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Biographical entry Elliot-Smith, Arthur (1901 - 1972)

MRCS 1924; FRCS 1930; MA Cambridge 1923; MB BCh 1961; LRCP 1924.

Born
3 June 1901
Cairo, Egypt
Died
5 August 1972
Occupation
General surgeon and Urological surgeon

Details

Arthur Elliot-Smith was born in Cairo on 3 June 1901. He was the son of Sir Grafton Elliot-Smith the distinguished anatomist and anthropologist; his mother's maiden name was Kathleen Macready. He graduated from Clare College, Cambridge, before coming to University College Hospital and on from which he took his Conjoint Diploma in 1924. He received the Cambridge MB BChir in 1961. He was a good athlete and played both rugby and cricket for his hospital, and became President of the Rugby Football Club.

After becoming a Fellow of the College in 1930 he was a surgical assistant at the recently opened Royal Post-Graduate Hospital, Hammersmith, where he worked with Professor Grey Turner; although his interests as a general surgeon were wide, he was already showing a particular interest in urology and paediatric surgery. He had been seconded to the Post-Graduate Hospital from the London County Council service, and returned as senior surgical officer to St Giles Hospital, Camberwell, until his appointment as surgeon to the Radcliffe Infirmary, Oxford, early in 1939. This coincided with the early days of the development of the Nuffield post-graduate departments and the new Clinical School. House officer and registrar posts under him were keenly sought after, because he was a superb surgeon and an excellent teacher. He was a modest man with a constant air of serenity which endeared him to patients, students, nursing staff and colleagues. His judgment and attention to pre-operative and post-operative care matched his technical skill, so that his colleagues regularly sought his surgical help for themselves and their relatives. He was a clinical lecturer and examiner in surgery for Oxford University.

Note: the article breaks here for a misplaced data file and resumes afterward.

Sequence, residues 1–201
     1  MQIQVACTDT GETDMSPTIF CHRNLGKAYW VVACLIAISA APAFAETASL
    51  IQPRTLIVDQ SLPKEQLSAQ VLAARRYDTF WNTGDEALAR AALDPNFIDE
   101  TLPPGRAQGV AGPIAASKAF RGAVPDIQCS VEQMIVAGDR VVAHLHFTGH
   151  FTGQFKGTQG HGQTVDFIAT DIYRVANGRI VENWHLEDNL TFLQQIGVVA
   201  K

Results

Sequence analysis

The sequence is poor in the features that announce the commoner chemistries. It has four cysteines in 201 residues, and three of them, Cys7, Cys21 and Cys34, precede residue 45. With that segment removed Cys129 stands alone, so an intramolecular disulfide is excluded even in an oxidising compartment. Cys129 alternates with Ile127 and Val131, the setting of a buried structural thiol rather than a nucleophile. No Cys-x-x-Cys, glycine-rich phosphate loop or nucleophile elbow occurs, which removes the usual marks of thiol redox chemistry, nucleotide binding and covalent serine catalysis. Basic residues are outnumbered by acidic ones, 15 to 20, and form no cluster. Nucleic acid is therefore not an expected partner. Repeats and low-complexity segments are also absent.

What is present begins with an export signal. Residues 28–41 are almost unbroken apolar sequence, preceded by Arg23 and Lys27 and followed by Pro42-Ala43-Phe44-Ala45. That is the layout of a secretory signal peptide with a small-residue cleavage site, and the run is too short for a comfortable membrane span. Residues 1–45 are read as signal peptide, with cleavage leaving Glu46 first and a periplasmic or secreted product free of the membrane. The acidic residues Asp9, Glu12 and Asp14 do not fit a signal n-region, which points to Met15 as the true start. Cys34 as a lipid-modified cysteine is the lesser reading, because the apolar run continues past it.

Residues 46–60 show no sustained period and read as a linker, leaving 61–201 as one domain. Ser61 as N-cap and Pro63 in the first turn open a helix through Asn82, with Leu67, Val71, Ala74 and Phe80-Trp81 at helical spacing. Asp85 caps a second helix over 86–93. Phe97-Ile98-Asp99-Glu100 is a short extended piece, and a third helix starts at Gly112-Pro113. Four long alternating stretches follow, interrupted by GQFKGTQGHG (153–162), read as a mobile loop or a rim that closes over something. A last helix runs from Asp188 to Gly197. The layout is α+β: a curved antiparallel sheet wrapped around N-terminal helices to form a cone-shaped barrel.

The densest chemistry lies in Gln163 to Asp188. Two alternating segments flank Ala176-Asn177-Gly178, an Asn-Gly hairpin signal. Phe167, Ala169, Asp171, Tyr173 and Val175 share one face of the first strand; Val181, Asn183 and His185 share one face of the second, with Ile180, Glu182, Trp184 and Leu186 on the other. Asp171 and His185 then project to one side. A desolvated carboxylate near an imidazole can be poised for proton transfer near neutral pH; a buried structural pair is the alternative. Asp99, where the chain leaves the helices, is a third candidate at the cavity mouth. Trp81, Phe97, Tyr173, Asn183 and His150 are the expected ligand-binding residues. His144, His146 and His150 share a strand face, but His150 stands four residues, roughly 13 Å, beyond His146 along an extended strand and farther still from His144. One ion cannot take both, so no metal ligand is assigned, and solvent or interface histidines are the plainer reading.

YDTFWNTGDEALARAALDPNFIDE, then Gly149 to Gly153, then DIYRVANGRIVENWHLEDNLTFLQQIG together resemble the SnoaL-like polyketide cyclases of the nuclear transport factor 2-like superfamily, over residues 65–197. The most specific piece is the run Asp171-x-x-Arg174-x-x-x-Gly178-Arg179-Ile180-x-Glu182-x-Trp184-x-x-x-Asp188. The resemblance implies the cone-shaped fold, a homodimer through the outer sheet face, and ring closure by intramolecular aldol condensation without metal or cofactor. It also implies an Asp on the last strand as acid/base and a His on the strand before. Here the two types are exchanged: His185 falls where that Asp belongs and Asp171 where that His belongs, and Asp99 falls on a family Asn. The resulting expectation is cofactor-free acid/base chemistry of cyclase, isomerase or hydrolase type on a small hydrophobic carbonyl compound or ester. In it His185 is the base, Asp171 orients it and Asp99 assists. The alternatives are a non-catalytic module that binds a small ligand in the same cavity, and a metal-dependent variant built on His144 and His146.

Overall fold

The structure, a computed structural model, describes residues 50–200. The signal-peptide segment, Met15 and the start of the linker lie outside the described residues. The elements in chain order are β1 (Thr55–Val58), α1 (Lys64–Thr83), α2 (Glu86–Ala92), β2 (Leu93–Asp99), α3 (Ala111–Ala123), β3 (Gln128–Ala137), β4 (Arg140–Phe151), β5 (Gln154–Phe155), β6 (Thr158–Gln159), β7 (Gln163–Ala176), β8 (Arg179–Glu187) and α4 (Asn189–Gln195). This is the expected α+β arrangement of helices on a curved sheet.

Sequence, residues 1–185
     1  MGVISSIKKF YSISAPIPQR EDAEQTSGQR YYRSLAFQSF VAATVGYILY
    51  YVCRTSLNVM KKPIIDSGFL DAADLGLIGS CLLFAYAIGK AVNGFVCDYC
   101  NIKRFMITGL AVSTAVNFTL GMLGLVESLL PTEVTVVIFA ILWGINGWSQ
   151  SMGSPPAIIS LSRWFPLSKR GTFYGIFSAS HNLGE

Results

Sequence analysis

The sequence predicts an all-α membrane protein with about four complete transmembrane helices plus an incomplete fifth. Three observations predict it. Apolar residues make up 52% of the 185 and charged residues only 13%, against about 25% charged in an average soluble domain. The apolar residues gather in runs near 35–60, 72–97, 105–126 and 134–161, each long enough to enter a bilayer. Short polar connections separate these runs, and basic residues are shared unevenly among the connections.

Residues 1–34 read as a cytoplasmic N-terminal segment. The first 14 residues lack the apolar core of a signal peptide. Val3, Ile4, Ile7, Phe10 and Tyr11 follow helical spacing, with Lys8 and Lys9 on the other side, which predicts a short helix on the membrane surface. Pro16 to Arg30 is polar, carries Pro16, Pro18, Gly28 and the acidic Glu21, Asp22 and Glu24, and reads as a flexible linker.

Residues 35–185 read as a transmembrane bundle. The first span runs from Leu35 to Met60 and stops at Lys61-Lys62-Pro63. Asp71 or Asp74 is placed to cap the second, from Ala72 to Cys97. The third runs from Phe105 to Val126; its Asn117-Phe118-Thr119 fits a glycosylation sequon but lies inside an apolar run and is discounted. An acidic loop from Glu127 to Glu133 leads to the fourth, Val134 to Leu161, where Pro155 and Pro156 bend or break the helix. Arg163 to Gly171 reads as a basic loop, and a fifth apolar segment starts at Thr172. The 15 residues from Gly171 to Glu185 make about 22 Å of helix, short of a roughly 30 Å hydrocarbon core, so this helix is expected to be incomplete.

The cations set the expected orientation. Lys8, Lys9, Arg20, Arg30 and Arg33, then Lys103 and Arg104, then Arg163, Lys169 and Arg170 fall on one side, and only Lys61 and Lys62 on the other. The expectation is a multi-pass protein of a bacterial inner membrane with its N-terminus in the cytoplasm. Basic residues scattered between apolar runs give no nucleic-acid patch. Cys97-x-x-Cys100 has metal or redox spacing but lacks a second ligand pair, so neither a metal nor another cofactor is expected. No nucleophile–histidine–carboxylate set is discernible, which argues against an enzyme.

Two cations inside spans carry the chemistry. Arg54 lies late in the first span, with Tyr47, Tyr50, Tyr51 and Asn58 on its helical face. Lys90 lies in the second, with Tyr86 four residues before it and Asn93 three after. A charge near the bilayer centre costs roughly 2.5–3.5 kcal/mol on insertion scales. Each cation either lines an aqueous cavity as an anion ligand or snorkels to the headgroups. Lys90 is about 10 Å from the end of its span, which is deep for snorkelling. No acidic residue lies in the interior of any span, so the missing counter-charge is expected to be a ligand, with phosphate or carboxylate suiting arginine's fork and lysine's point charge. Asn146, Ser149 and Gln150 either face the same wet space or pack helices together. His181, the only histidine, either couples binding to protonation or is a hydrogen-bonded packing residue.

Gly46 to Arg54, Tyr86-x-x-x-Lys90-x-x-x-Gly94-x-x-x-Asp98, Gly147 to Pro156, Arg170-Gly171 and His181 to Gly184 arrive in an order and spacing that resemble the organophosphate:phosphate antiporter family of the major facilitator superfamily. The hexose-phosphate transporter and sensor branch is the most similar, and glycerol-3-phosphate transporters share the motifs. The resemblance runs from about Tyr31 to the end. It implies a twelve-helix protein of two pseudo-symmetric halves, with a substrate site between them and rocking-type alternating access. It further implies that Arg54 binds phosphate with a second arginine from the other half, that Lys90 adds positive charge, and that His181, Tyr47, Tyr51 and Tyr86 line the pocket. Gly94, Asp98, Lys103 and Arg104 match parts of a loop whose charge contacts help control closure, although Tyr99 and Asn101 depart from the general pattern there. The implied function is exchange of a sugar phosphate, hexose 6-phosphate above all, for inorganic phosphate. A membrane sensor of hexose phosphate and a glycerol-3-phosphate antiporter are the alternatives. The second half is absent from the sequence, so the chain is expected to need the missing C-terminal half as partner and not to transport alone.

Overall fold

At the outbreak of the second world war he joined the RAMC and served in North Africa and Italy, later becoming consultant surgeon to the Mediterranean Expeditionary Force with the rank of Brigadier.

On returning to Oxford Elliot-Smith was also appointed consultant surgeon to Savernake Hospital, Marlborough, and throughout the Oxford region his influence on surgery became progressively greater. He was a fellow of the Association of Surgeons of Great Britain and an Associate Fellow of the British Association of Urological Surgeons. Though gentle he was fearless, and could be outspoken when matters of principle were involved.

On his retirement in 1966 he returned to North Africa to work at the Moussat Hospital in Tripoli where he studied the differences in the disease patterns of desert-living and rich urban Arabs. He studied experimentally alimentary transit-times and became intensely interested in dietary fibre. On his return to Oxford after two years in Tripoli his interest in foods and their relation to disease and in soil preservation resulted in his election as President of the Oxford branch of the Soil Association and then of the McCarrison Society. He was an initial Trustee and Honorary Treasurer of the International Institute of Human Nutrition. He also found time to accept responsibility for a new Simon Trust Vasectomy Clinic in the ante-natal department of the Churchill Hospital and during the first two years of its existence he created such confidence that over 2,000 out-patient vasectomies were performed under local anaesthesia.

In 1937 he married Nancy Williamson; their family of four sons and his garden were his two great interests outside his profession; he was particularly interested in hybridizing roses. He died in his garden when in apparent excellent health on 5 August 1972 shortly after his 71st birthday.

Sources used to compile this entry: [Lancet 1972, 2, 389. Brit med J 1972, 3, 478; information from Sir John Stallworthy].

The Royal College of Surgeons of England